Inxeba first 'non-pornographic' film to get X18 rating

Inxeba
Inxeba

The Film and Publications Board (FPB) has confirmed that Inxeba (The Wound) is the first 'non-pornographic' film to get the X18 classification‚ a rating that is usually only given to hardcore porn.

On Wednesday the FPB's Appeal Tribunal overturned a previous classification by the body‚ giving it an X18‚ the highest rating a movie or TV series can get.

It came after complaints about the film from The Men and Boy Foundation and the Congress of Traditional Leaders of South Africa.

"There are specific criteria that needs to be met‚ which includes the showing of genitalia. So we have not rated a movie like this as X18‚" said the FPB's acting CEO‚ Abongile Mashile.

Mashile was speaking on 702 and said members of the tribunal are chosen by the minister of communication and there is no consultation process over who gets to be part of the tribunal.

She said the only way to challenge the decision would be to directly petition the minister or head to court.

The producers of Inxeba told TshisaLIVE they were studying the ruling and would be consulting with their lawyers on a decision going forward.

Meanwhile‚ Nakhane Mahlakahlaka‚ one of the main actors on the show‚ spoke out about the decision in a statement released on social media.

"I'm allowed to be emotional. This is my life. These are our lives. And I fucking refuse to live in shame for your patriarchy to keep living. I'm an umXhosa and I don't know what to do with what I love‚ but doesn't love me."

Inxeba producers seeking legal advice after X18 ruling

Producers of Inxeba (The Wound) are seeking legal advice after the Film and Publications Board Appeal Tribunal overturned the 16 LS rating given to the film‚ replacing it with a X18 rating.

The new classification is the highest of its kind and is the same given to hardcore porn. It means that the movie has been pulled from cinemas and can now only be shown at a “designated adult premise‚” which requires a special licence.

“We’re obviously disappointed in the outcome‚ given how it has classified this important work of art that explores themes around the construction of masculinities as an x-rated film. We have sought advice from legal representatives‚ who are studying the decision‚ and we will advise on our way forward in due course‚” said producers of the film.

The ruling came after the Congress of Traditional Leaders of South Africa (Contralesa) called for the banning of the film and for the age restriction to be upped.

The film has received public backlash for its depiction of the traditional ritual of ukwaluka – a Xhosa tradition into manhood – as well as sexual identity in the form of a gay love story.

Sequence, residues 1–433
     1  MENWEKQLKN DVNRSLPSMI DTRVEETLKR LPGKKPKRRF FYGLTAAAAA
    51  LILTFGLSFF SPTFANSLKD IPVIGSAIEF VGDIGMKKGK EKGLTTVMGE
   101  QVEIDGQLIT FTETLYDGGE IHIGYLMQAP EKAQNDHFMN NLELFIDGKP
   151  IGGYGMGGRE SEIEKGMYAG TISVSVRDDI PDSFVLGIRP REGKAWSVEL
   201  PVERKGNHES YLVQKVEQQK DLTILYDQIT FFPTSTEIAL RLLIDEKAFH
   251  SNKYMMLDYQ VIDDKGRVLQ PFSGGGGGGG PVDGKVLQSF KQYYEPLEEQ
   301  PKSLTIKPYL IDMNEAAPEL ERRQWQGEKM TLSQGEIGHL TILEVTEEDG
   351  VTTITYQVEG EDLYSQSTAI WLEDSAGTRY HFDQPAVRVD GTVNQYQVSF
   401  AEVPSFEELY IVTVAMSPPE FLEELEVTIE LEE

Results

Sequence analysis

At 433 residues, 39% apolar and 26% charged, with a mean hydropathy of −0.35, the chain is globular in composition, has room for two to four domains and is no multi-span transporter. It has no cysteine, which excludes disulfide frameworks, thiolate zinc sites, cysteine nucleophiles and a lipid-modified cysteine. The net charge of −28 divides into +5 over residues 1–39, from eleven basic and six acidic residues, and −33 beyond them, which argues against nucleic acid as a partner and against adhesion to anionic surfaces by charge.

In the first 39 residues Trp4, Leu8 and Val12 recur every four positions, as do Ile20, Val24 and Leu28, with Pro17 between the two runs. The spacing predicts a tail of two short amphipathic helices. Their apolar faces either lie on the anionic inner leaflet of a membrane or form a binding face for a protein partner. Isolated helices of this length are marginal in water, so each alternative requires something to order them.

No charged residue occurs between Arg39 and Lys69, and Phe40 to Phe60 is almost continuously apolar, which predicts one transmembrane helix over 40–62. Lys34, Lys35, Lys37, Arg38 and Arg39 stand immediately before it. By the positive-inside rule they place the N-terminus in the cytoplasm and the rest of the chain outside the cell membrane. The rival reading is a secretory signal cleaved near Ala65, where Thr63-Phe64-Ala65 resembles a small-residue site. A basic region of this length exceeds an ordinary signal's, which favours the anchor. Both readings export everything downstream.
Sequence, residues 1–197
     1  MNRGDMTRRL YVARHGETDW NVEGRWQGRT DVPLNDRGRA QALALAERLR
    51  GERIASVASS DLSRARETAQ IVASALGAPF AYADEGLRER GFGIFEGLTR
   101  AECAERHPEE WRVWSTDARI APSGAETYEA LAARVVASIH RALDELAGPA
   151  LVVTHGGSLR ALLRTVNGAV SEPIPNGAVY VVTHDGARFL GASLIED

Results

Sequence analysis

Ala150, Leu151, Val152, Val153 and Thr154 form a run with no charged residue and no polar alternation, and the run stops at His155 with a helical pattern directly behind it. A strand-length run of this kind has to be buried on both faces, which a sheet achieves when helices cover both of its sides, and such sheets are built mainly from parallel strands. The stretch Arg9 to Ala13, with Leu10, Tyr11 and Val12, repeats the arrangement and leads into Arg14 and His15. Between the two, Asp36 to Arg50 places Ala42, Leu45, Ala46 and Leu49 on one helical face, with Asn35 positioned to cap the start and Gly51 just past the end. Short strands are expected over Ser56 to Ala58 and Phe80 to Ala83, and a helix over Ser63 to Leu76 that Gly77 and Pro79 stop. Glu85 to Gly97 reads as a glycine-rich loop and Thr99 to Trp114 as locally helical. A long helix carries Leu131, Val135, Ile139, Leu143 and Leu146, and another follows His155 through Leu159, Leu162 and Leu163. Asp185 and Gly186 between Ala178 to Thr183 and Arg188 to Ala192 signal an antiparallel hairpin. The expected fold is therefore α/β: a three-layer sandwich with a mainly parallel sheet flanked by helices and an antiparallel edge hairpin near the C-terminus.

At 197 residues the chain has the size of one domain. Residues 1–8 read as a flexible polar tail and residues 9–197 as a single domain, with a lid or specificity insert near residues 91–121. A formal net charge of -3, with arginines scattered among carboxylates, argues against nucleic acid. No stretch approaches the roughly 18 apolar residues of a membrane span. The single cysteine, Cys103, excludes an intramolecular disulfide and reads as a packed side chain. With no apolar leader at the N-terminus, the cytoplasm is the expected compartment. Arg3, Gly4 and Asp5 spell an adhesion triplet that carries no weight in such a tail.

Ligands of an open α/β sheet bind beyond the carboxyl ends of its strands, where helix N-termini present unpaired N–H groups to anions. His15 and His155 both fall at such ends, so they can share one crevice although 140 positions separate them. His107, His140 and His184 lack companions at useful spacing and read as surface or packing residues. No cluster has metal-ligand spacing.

The decision to classify it in the same category as porn got sharp criticism on social media.

Emotional Inxeba message from Nakhane

 Nakhane Mahlakahlaka broke his silence on the ruling from the Film and Publication’s Appeal Tribunal that Inxeba (The Wound) be reclassified from 16 LS to X18 — a rating that is usually given to hardcore porn and can only be shown at designated adult premises’.

The ruling came after complaints from The Men and Boy foundation and the Congress of Traditional Leaders of South Africa (Contralesa).

The tribunal panel‚ which is assigned by the minister of communications‚ ruled that the rating originally given by the Film and Publications Board should be changed.

Nakhane said he would only comment today but late on Wednesday night released an emotional statement‚ detailing how he has been treated.

“We are vile. We are perverse. A virus that they will do anything to get rid of. I sat in my apartment ready the verdict‚ close to tears‚ shaking. I saw myself as a child‚ mocked for being effeminate. Afraid for my life as a teenager as I walked past straight men as I had no idea what they were capable of. I always had something to hide. They hated me.”

Despite the hurt‚ he said he refused to be shamed.

“I’m allowed to be emotional. This is my life. These are our lives. And I fucking refuse to live in shame for your patriarchy to keep living. I’m an umXhosa and I don’t know what to do with what I love‚ but doesn’t love me.”

Producers of the film have said they are studying the decision and awaiting feedback from their legal team.

You can read Nakhane’s full response here:

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